November 6, 2001: New York Times headlines: “Keiko Makes It Clear: His ‘Free Willy’ Was Just a Role.” “The sad fact is, it looks as if the world's mostly closely watched experiment in returning a cetacean to the wild is a bust.” Richard O'Barry, who has devoted 30 years to freeing cetaceans, argues that the “Free Willy” project was doomed from the start because: “They're still training him. He's in captivity even when he's out at sea. He's psychologically dependent on his trainers.”

Keiko must move soon because a salmon farm, which produces lots of waste, will be constructed on his bay. Ocean Futures looks at bays in Ireland, Scotland and the Orkney Islands, but the most likely choices are two Icelandic towns that already offer whale-watching: Husavik, on the north coast, or Keflavik, near the national airport.

November 9, 2001: Ocean Futures says financial times are tough for the project that to date has cost an estimated $23 million. Keiko's future might include greeting tourists somewhere in Iceland. “We have to find a formula that has revenue,” said Charles Vinick, director of Ocean Futures. At the project's peak, there were 25 people working in Iceland.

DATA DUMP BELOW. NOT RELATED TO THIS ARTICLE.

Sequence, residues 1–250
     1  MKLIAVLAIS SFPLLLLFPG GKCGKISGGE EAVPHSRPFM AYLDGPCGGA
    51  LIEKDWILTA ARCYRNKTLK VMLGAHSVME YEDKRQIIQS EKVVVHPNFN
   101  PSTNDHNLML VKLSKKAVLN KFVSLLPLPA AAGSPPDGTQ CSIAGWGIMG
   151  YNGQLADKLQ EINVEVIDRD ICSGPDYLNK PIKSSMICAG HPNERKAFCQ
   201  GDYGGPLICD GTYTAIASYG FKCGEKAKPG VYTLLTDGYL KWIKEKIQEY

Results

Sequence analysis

Fall, Winter, 2001: The stock value of Nextel, Craig McCaw's telecommunications venture, falls from a high of more than eighty dollars a share to around ten.

March, 2002: McCaw phases out his financial support. With vastly reduced funds, reintegration attempts will be scaled down - and might have to be halted altogether, in which case Keiko would probably be kept on a more permanent basis in an Icelandic harbour. “We used helicopters, a large ship, things that really enabled us to spend months out at sea in difficult conditions,” said Vinick. “We won't have that same equipment now.”

Spring, 2002: Direction of Keiko's release transfers from Ocean Futures Society to the Humane Society of the United States (HSUS). All 14 American staff leave the project and are replaced by HSUS employees, led by Dr. Naomi Rose. It's the first time a scientist familiar with free-ranging orca behavior is involved in the project. Wendy McCaw Foundation donates $400,000 to the effort.